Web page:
We have not been left in ignorance for Christ has become our wisdom! The world struggles and gropes in search of some permanence in this world, but we know there is none to be had. Why appeal to the world’s wisdom by making God out to be the poltergeist of the universe? Ignorance - not Christ - taught us to think like this. If we are being fooled by the unfolding of circumstances it is only because we have been listening to the preaching of ignorance.
When troubles come upon us we don’t have to try to make up reasons to justify why. Actually, the religious habit of doing so only establishes a superstitious perspective of trying to figure out why GOD is doing this (or allowing it to happen). As long as the superstition of religion determines our outlook we will use everything, including the Bible, to support this insanity of blindness. I mean, in this mindset, we can’t even recognize our own self-defeating habits without turning it into a guilt-trip of Old Testament proportion, complete with support groups, formulas, rituals and/or principles. No wonder we’re confused, we’ve been given wisdom in Christ and yet we keep looking to the wisdom of this world to help us figure it out.
In his letter, James dealt with this same insanity of religious perception regarding permanence in the temporal world. He’s mostly misread because his words have been forced into a how-to set of formulas and principles instead of being seen as written from the perspective of one who shakes his head in unbelief over the acceptance of self-righteous religious hypocrisy among the ranks of those who are despised by the arrogance of those who claim to be spiritually superior. Consider the passage below:
Come now, you who say, “Today or tomorrow we will go to such and such a city, and spend a year there and engage in business and make a profit.” Yet you do not know what your life will be like tomorrow. You are just a vapor that appears for a little while and then vanishes away. Instead, you ought to say, “If the Lord wills, we will live and also do this or that.” But as it is, you boast in your arrogance; all such boasting is evil. Therefore, to one who knows the right thing to do and does not do it, to him it is sin. James 4:13-17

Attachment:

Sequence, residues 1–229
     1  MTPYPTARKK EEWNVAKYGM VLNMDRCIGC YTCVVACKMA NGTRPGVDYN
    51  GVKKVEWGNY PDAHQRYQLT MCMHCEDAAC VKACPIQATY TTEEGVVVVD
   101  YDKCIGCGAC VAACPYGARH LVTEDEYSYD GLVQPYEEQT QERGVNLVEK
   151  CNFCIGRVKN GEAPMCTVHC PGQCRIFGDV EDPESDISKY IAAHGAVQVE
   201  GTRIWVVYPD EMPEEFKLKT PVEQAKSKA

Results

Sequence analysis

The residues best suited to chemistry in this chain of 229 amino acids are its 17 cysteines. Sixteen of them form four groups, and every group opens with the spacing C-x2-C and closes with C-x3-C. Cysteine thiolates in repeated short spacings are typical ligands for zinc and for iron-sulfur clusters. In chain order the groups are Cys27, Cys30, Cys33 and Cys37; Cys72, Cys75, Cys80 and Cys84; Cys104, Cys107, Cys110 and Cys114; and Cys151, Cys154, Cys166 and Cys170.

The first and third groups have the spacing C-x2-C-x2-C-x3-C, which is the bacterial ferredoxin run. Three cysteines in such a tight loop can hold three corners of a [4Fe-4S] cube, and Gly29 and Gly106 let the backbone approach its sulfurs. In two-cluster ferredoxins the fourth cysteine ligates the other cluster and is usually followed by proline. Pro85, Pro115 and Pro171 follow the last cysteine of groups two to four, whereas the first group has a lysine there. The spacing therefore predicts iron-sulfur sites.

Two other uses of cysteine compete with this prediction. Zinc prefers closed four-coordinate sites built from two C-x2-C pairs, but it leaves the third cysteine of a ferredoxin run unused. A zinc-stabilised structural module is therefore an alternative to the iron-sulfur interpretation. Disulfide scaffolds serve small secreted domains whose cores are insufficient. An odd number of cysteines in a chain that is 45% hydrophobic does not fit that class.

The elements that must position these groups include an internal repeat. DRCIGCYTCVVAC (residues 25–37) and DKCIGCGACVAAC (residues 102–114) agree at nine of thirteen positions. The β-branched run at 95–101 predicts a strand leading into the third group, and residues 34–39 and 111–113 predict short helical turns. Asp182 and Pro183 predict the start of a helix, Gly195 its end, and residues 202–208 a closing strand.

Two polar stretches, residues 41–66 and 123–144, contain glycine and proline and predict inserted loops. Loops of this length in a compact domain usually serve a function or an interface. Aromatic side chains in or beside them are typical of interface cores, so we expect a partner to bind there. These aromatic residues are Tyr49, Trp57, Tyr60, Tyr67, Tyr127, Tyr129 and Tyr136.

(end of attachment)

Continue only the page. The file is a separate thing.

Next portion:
Who ARE those who make such arrogant boasts except those who believe they can find certainty and security in this world. James’ comments were not meant as a deterrent to making plans, nor were they meant to provide the proper Biblical way to say it, they were written to reveal the difference between religion and life. The phrase, “Instead, you ought to say” is rhetorical, meaning that James was rebuking the arrogance of the religious impostors who had placed themselves among the believers as superiors who despised those of lesser importance in the world.
In the wisdom God has given, our plans are not secured but are simply pursued knowing that they may happen or they may not. It is only the ignorance of the world that gives the illusion that our plans are guaranteed. We can ignore the religious demands upon both our successes and our failures. A success in this world does not mean success with God, so that if we fail it does not mean that God was against us, nor does a success mean that God was for us. A failure doesn’t imply that God was teaching us a lesson, it just means that it didn’t work out. If our office had been located in the World Trade Center we would have lost everything along with everyone else there, but to suggest that God was trying to teach us a lesson reeks of the same superstition that keeps fortune tellers in business. Maybe we will discover that we have good business sense and maybe we will find we trip ourselves up, and maybe we will learn from our own mistakes or by following some good business practices, but God is FOR us one way or the other.